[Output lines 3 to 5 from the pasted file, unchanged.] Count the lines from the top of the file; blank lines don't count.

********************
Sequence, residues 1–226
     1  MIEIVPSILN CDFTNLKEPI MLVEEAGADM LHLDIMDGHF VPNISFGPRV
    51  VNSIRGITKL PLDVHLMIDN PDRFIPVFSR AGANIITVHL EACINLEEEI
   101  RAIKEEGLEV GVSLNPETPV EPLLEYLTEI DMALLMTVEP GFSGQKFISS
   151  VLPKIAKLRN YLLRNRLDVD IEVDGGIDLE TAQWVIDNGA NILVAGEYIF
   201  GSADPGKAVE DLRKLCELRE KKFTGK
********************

    51  VNSIRGITKL PLDVHLMIDN PDRFIPVFSR AGANIITVHL EACINLEEEI
   101  RAIKEEGLEV GVSLNPETPV EPLLEYLTEI DMALLMTVEP GFSGQKFISS
   151  VLPKIAKLRN YLLRNRLDVD IEVDGGIDLE TAQWVIDNGA NILVAGEYIF